The long road to digital anthropology

The Liiv Center and UNESCO have published a new report on digital anthropology, Innovation for understanding humanity. In it, both Edgeryders and me personally are described as example of institutions and researchers working to break new ground in “digital anthropology”.

This is an emerging field: I understand it loosely as the space where anthropological research collides with advances in quantitative methods brought about by cheap computing and the increased availability of all sorts of data. People are still wrapping their heads around it, and it is tempting to project all sorts of personal quests and dreams onto it. I, for one, long for a social science that ventures into the messiness of social phenomena with rigour, humility, courage, and the determination to leave the world a little better than we found it, or at least to do no harm. This longing is so strong that I contributed to inventing a fictional social science called Aethnography (all hail @yudhanjaya for inventing the name).

Despite this, digital anthropology seems to be coming of age: this is great, because I believe we need it in order to do cutting edge social science research. I am an economist by training, and did my studies in a context of dominance of neoclassical econ. I received zero formal training in field research: economics was a mix of (utilitarian) philiosophy, math (mostly calculus) and statistics. In this context, “evidence” was statistical data.

Neoclassical theory provided the framework to interpret the data. Data, however, were never allowed to falisfy the theory. Steve Keen has written a vitriolic critique of this state of affairs. Of course many economists provided some alternative viewpoints. For example, I was trained by people who were Cambridge-trained, and were exposed to Sraffa, Robinson etc. Plus, some sub-disciplines, like development econimcs, simply could not assume “perfect information, perfect competition” – it would have been too unplausible. So I read Hirschman, and became fascinated with the “organized messiness” of the real world. But, for most people, neoclassical econ was the only game in town, and the only way to a career in academia.

In 2008 I was hanging out with a group based in Italy, and led by a Santa Fe Institute veteran, David Lane. In the SFI tradition, he was boldly interdisciplinary, so he invited Michael Agar to give a seminar. It blew me away. Agar was a methodologist of ethnography, author of “The Professional Stranger”.

I became fascinated with the epistemological agility of ethnographers. Here were researchers who treated everything as “evidence”, from casual conversations at a party to clinical data or patterns in art, and could integrate different types of data into a coherent whole. This enabled them to walk into the field knowing very little, often with little more than a research question. They were happy to discard even the question if they discovered something that pointed to a more fruitful frame. This made sense to me, because I believe that the social world is fundamentally messy. Only rarely can you state a clean hypothesis and proceed to falsify it by good quality data. Normally you proceed more as an explorer, drawing sketchy maps as you walk the land.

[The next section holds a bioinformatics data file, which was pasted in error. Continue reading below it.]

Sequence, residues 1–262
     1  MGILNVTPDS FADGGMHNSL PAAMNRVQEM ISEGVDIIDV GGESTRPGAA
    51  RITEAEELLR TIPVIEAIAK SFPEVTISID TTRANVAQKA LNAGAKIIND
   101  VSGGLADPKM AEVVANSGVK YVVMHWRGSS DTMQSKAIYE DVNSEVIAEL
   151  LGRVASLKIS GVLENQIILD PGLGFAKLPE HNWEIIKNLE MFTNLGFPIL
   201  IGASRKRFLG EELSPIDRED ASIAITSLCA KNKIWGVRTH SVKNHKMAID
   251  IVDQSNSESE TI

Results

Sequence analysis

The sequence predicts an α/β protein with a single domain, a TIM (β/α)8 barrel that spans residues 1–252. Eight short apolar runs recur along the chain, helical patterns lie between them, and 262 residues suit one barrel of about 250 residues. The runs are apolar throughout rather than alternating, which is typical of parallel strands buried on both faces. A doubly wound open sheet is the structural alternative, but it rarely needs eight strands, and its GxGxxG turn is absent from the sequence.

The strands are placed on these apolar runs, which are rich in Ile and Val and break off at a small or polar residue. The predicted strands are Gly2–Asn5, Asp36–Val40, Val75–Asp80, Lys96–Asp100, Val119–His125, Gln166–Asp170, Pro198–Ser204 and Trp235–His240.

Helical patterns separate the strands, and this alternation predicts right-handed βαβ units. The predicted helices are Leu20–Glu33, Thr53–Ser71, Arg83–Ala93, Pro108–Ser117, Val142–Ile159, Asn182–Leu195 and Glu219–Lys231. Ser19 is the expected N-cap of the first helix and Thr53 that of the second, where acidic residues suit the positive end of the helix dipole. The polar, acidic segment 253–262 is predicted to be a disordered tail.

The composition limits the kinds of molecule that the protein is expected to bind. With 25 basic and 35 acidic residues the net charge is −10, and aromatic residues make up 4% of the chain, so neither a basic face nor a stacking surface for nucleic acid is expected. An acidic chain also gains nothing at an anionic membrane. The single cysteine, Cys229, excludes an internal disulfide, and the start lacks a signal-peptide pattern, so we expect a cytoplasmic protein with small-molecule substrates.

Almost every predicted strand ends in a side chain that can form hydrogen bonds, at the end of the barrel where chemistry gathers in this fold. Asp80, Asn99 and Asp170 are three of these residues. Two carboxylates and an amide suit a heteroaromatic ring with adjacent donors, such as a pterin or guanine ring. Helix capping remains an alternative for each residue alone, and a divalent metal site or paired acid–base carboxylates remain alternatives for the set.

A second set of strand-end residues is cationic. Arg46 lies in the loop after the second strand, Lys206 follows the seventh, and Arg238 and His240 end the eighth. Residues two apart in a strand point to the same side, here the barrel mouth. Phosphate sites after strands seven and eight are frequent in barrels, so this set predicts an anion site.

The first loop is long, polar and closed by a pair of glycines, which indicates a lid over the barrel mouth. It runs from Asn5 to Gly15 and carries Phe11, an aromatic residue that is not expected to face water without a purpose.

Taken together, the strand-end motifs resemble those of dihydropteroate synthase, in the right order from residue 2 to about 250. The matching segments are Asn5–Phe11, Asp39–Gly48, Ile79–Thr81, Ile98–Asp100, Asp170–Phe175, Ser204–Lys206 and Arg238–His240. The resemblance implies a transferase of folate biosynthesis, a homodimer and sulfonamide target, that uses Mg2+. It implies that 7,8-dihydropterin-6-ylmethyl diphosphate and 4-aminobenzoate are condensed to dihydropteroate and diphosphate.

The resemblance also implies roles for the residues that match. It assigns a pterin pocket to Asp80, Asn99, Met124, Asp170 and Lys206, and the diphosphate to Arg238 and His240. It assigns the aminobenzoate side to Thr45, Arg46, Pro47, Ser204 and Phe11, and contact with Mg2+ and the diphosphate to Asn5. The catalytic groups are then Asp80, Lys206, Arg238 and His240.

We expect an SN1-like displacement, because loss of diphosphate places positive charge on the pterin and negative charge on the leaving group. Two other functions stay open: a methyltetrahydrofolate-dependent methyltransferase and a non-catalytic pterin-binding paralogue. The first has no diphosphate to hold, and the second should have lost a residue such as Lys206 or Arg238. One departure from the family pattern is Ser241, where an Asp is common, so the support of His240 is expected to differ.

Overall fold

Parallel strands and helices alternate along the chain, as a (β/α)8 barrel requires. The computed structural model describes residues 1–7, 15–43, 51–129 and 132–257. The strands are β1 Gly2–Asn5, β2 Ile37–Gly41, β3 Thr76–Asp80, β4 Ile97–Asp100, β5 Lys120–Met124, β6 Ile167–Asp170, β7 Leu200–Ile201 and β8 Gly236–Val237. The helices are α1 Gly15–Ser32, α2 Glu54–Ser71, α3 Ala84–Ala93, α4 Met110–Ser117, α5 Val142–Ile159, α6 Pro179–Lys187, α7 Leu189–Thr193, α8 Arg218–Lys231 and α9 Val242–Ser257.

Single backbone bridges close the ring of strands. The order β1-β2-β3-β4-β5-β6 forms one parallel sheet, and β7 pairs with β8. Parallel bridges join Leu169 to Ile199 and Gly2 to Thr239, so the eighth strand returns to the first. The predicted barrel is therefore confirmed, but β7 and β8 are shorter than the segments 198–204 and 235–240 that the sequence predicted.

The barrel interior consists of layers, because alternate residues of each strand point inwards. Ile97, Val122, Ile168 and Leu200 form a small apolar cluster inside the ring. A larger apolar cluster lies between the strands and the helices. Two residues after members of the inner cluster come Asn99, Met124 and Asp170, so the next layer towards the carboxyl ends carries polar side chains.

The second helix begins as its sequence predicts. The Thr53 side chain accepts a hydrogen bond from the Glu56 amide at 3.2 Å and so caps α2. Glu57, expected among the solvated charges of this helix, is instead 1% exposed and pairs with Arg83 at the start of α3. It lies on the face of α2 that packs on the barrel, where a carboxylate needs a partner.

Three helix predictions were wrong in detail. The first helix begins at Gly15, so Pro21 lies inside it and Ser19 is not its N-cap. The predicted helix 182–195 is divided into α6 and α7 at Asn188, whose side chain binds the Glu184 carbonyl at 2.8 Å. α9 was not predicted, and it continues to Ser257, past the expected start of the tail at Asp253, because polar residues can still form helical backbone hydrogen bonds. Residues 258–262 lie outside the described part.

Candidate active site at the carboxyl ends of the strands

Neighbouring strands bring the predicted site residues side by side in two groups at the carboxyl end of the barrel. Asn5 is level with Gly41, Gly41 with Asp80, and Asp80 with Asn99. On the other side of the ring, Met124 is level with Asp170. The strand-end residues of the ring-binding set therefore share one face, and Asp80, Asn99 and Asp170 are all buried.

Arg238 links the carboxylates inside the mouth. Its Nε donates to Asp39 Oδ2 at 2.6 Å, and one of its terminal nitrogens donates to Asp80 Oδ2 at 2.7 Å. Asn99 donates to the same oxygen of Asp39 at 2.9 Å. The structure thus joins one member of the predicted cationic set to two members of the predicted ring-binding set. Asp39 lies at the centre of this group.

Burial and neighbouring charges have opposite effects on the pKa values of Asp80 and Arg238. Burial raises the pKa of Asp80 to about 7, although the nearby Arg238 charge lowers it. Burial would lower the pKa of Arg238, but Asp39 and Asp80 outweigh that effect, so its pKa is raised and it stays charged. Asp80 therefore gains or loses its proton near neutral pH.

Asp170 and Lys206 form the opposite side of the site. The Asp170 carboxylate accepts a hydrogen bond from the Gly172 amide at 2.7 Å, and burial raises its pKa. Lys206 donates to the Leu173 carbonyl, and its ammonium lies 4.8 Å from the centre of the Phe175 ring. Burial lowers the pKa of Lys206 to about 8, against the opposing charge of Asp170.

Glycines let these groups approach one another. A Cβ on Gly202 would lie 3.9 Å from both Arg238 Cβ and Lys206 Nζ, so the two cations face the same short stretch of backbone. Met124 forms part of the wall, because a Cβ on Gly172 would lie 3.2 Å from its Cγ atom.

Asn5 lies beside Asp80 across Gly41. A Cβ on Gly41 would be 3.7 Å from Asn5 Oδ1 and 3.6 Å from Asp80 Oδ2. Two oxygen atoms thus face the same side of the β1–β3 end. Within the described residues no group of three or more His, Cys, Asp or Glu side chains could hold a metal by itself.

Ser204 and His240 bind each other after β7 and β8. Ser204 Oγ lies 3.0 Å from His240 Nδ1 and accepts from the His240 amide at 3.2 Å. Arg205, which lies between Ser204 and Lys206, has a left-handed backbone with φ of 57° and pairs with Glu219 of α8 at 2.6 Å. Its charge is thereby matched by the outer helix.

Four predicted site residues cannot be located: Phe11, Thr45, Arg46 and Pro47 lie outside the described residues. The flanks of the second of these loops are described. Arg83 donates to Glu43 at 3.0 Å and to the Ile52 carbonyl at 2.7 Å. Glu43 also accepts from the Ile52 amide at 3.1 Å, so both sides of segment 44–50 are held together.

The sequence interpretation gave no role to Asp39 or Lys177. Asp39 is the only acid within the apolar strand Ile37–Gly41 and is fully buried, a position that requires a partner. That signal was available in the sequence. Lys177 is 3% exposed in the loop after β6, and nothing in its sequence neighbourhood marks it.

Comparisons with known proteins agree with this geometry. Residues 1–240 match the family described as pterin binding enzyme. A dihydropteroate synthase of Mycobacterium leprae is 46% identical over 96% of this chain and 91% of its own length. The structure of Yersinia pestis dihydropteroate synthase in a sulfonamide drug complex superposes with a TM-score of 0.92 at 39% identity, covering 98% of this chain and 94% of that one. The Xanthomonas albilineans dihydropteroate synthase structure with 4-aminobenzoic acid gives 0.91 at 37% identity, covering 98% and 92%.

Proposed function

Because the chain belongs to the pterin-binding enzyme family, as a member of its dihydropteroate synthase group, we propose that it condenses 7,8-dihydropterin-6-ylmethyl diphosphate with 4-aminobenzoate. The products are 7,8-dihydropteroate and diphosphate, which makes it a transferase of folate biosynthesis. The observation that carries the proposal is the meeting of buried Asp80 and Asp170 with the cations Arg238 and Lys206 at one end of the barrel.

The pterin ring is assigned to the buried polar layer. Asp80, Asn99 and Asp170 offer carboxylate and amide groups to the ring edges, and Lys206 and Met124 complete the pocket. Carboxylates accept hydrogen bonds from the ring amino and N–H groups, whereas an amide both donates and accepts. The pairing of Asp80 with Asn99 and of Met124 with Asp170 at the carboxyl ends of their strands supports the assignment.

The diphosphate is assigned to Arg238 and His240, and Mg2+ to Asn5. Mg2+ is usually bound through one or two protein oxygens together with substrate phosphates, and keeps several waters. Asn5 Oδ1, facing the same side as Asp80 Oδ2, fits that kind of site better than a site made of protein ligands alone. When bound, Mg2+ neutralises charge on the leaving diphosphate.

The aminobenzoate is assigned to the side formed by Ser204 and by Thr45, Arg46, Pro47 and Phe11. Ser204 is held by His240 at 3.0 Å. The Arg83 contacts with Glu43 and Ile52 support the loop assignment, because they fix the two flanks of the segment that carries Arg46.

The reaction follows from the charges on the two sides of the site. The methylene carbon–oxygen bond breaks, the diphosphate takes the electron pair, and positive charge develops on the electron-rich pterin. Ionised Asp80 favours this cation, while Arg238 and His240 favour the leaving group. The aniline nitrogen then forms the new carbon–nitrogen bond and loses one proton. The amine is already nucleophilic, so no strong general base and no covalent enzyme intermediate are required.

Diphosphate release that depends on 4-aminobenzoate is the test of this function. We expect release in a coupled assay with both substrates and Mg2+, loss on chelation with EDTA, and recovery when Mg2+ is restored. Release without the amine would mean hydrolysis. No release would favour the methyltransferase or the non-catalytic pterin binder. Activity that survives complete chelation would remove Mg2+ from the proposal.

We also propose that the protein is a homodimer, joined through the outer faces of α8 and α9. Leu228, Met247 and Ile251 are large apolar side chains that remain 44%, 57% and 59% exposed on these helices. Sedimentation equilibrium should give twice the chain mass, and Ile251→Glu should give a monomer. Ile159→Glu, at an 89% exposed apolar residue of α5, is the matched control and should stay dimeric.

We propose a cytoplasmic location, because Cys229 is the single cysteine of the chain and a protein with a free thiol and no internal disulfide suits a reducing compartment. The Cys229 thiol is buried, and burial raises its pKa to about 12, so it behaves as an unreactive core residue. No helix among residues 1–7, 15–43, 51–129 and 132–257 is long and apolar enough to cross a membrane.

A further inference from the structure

In the same period, social media were coming to the fore. They clearly were, in some sense, “real voices frm the field”. They felt authentic. David, I and others, inspired by Agar, started wondering if they could not be used as data for ethnographic inquiry. At the time, I worked for the Italian government. I was the instigator (in 2008!) and first director of a project called Kublai (Italian), an online community launched by the Ministry of economic development. The idea was to engage young people in lagging areas in conversation, and learn what stood in the way of starting companies, or NGOs, and contributing firsthand to societal and economic development and tailor policies to remove those obstacles. I wrote about that experience in this paper.

The Sante Fe liaison gave us access to the nascent science of networks; and I, as project director, had admin access to the Kublai data. My first foray into social media-as-ethno-data was simply network analysis. That was so interesting that I did my entire PhD (still called “Economics”) on network science (see). But that was still not enough: to get to the meat, we needed to engage with qualitative data.

And so, with my Edgeryders colleagues and others – including networks scientists like Guy @melancon and anthropologists like @akmunk and @amelia, we developed a method to use social network patterns to help validate qual data: https://journals.sagepub.com/doi/full/10.1177/1525822X20908236. This quest feels important, because it dovetails with an impending crisis of trust in science, especially the social sciences. Anne Beaulieu has written about this. My own take is here: https://doi.org/10.5281/zenodo.5807215.

To gain trust, researchers need to show how they know what they know, and this needs to be understandable to users of research. Ethnographers have an advantage here, because their very epistemic agility means they are aware of their own biases (“positionality”), and they have developed methods to account for it. This makes for wholesome epistemology: as a researcher, you should abandon claims to objectivity, and instead focus on making your reader understand how you went from data to conclusion. And this is The Work now.

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